When I was in Vietnam, I saved most of my pay with the intention of buying a brand new car when I returned home. I accumulated enough money to buy just about any car I wanted. During the considerable lulls in the war, I spent a lot of time looking through car magazines., trying to make an informed decision. I didn’t want to buy a big car, but in 1968 even the midsized and compact cars were large by today’s standards. It was a big year for ‘muscle cars’. For around $3,000, I could buy any number of cars that were ridiculously over-powered, which appealed to some part of my young male ego. A few of the cars I was considering were: the Plymouth Road Runner/Dodge Coronet Super Bee with a 335hp 382ci V-8 or if I felt I needed to go a little faster, the Dodge Charger with a 375hp magnum 440ci engine (wings were optional). At $3,500 this beast was pushing the limits of my finances. I also considered a Chevy Camaro Z-28, a Malibu 396 Super Sport, a Pontiac GTO with a 350hp 400ci engine or an Oldsmobile Cutlass 442 with that same engine. The Cutlass was a main contender for a long time. One of my fellow soldiers told me it had a large comfortable back seat and being just 20 years old, I had a wild and vivid imagination about what I could do back there.
When I returned to the States and was home on my 30 day leave, I abandoned all plans to buy a muscle car and bought an MGB GT instead. I had owned an MG prior to entering the Army. I loved sports cars, and the sports car image appealed to another side of my nature, the more sophisticated side that spoke French and loved literature. It was the first year MG came out with this hard top hatchback design. The back seat folded down which allowed for a surprising amount of storage space. The car cost $3,200 and with the rest of the money I had saved, I had the dealership install an eight-track tape player with custom speakers. The seats in an MG are low and the speakers were mounted high on the door panels. This gave a stereo effect that was like sitting inside of a big head-phone. I loved it.
The car was canary yellow with black interior. On the day I bought it, I was outside in the parking lot of my parents’ condo wiping it down. My parents lived in Jeffersonville, Indiana at the time, right across the river from Louisville, Kentucky. My dad was standing there keeping me company, when one of the neighbors, an older man with a big belly, idled over to us. Dad introduced me to the man and told him I was just back from Vietnam. He didn’t comment but kept looking at my new car. Finally, dad asked him, “What do you think of my son’s new car?” The guy took his time responding, “What kind of car is it?”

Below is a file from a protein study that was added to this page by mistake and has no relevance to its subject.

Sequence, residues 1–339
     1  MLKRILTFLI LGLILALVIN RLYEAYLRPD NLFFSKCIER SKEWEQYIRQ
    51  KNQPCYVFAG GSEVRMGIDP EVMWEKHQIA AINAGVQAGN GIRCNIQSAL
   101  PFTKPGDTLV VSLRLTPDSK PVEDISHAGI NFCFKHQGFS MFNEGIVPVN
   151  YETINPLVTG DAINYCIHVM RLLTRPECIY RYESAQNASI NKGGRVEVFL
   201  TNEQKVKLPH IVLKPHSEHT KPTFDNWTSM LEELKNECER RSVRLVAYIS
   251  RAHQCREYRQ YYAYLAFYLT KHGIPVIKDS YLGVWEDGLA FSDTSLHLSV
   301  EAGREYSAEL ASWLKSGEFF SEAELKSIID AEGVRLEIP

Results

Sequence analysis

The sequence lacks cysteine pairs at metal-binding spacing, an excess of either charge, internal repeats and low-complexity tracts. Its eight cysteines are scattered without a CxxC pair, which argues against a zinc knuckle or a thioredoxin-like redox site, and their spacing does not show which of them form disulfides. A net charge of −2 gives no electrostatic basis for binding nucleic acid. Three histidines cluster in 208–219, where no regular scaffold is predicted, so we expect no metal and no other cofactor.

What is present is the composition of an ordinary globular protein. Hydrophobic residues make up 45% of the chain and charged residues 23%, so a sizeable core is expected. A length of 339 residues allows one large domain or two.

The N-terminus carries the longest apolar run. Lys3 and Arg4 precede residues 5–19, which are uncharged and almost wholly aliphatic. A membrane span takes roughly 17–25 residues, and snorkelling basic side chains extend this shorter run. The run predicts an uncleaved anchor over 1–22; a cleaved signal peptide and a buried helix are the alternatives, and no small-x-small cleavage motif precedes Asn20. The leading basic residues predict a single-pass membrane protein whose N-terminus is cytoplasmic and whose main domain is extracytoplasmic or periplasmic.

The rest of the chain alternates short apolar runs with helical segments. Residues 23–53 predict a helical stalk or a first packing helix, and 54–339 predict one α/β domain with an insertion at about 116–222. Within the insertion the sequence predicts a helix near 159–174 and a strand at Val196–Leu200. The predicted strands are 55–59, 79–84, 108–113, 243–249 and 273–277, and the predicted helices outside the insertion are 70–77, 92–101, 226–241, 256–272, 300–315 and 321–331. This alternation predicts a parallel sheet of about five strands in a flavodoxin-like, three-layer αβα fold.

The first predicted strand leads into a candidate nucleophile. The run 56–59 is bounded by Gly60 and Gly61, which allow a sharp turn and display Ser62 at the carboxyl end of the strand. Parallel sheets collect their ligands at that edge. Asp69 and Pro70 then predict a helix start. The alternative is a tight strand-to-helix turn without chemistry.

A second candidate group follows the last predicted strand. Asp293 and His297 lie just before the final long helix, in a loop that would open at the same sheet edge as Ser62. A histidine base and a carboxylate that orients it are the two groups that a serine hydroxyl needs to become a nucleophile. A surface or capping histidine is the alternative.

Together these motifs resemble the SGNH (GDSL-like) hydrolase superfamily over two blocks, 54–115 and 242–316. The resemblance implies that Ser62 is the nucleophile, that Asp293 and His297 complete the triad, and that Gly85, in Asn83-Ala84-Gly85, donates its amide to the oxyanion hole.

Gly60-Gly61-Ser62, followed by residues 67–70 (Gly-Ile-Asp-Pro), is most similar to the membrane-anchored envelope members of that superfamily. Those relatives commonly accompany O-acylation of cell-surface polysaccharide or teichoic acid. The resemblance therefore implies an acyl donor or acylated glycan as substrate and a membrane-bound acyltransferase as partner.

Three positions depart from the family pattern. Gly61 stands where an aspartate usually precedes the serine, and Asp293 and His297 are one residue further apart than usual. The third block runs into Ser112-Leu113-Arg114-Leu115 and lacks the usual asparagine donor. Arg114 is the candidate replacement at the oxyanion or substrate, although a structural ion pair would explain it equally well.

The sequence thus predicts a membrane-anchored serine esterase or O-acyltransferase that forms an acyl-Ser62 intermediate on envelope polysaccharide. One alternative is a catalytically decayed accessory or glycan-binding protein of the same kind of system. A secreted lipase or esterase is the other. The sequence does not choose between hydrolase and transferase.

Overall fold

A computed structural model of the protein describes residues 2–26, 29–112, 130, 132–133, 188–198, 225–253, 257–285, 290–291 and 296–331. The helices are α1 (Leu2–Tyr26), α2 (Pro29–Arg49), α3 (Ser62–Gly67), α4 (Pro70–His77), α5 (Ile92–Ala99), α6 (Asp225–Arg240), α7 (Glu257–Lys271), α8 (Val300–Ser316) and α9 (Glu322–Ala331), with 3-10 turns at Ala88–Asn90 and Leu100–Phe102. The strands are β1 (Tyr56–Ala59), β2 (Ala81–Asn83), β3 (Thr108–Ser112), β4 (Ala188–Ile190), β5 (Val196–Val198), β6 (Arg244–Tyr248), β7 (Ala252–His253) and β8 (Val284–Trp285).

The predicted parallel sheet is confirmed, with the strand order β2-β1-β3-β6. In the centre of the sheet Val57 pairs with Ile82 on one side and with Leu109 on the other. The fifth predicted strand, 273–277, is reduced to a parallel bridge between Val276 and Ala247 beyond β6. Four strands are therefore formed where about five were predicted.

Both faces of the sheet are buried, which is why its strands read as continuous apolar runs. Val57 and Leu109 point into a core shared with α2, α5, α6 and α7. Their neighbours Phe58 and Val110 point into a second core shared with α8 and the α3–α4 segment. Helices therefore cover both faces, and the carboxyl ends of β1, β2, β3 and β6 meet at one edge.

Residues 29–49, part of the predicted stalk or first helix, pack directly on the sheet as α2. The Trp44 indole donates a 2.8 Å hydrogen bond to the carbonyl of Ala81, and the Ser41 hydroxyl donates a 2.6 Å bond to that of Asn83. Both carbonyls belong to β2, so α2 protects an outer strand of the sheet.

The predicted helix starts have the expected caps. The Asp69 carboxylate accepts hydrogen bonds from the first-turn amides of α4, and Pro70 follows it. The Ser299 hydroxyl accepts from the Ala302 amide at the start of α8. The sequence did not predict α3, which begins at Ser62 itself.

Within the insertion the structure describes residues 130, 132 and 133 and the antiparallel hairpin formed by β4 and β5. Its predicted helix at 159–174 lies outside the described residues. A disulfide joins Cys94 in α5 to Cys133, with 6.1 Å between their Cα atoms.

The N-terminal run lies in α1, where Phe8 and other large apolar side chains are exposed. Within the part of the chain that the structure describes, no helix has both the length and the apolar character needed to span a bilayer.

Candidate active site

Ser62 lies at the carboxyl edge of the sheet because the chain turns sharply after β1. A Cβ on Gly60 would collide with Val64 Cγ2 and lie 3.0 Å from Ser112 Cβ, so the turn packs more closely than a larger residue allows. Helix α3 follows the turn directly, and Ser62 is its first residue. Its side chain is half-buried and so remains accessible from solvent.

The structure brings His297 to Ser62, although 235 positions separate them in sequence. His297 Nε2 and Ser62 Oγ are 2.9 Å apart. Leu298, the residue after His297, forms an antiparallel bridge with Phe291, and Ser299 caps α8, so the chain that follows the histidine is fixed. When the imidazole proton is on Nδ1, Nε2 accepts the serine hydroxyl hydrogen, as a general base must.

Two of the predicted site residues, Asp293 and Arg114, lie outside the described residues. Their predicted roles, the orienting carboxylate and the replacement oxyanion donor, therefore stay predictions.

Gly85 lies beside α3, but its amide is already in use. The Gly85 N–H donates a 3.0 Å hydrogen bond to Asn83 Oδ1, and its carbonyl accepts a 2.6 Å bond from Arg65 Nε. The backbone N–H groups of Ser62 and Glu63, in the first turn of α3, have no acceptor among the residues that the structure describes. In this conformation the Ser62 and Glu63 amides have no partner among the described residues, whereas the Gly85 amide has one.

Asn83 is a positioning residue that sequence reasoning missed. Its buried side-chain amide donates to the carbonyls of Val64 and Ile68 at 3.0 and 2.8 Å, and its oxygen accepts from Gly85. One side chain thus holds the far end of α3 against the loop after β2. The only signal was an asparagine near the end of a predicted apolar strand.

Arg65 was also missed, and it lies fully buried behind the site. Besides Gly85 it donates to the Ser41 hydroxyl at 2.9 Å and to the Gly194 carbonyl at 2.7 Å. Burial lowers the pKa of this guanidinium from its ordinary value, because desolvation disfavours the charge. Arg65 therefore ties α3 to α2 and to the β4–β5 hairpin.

“It’s a brand new MGB GT. I just bought it today.” I proudly replied.
“It looks like a god-damned peanut.” Was all he said before turning and walking back to his condo. What did that fat old guy know anyway. I thought the car was beautiful.
I had been out of touch with popular music for over a year, so on a foray to a music store in Louisville, I bought some of the latest 8 track tapes. The Beatles had just come out with “The White Album”, a double album of all new music. I was very excited about it and true to the Beatles, and except for one long track, Revolution #9, they didn’t disappoint. I think John was hitting the drugs a little too hard on that one. I also bought the following: Wheels of Fire, the new Cream album. At the time I thought their first album, Disraeli Gears, was the best rock album of all time. I didn’t expect them to top it and I was right. The album was good but not great, The Rascals’ Greatest Hits, this was a great band. Strange Days by The Doors. Most groups that have an excellent first album, fall short on their second, but Jim Morrison proved to be a major creative force for many albums to come, Jimi Hendrix’ Electric Ladyland another double album containing some of Jimi’s best songs.
When my 30-day leave was over, the drive back to Fort Hood, Texas proved to be a most spectacular welcome home. For about two years I had been out of touch with American culture, immersed in military life. I had not yet come face to face with the hostility of the young towards us soldiers. It was November and my route took me through Kentucky, Tennessee and Arkansas at the height of the fall foliage. I deftly maneuvered the MG through the Appalachian and Ozark mountains, the car an extension of my body, the road an extension of the car. The landscape passed by my peripheral vision as a multicolored manifestation of the music, a total psychedelic experience with no drugs involved.
I had one more year to serve and when I got out. I planned to travel Europe with my friend, Paul, and then enter college. I had my whole life ahead of me. Except for the nightmares, life was looking pretty good.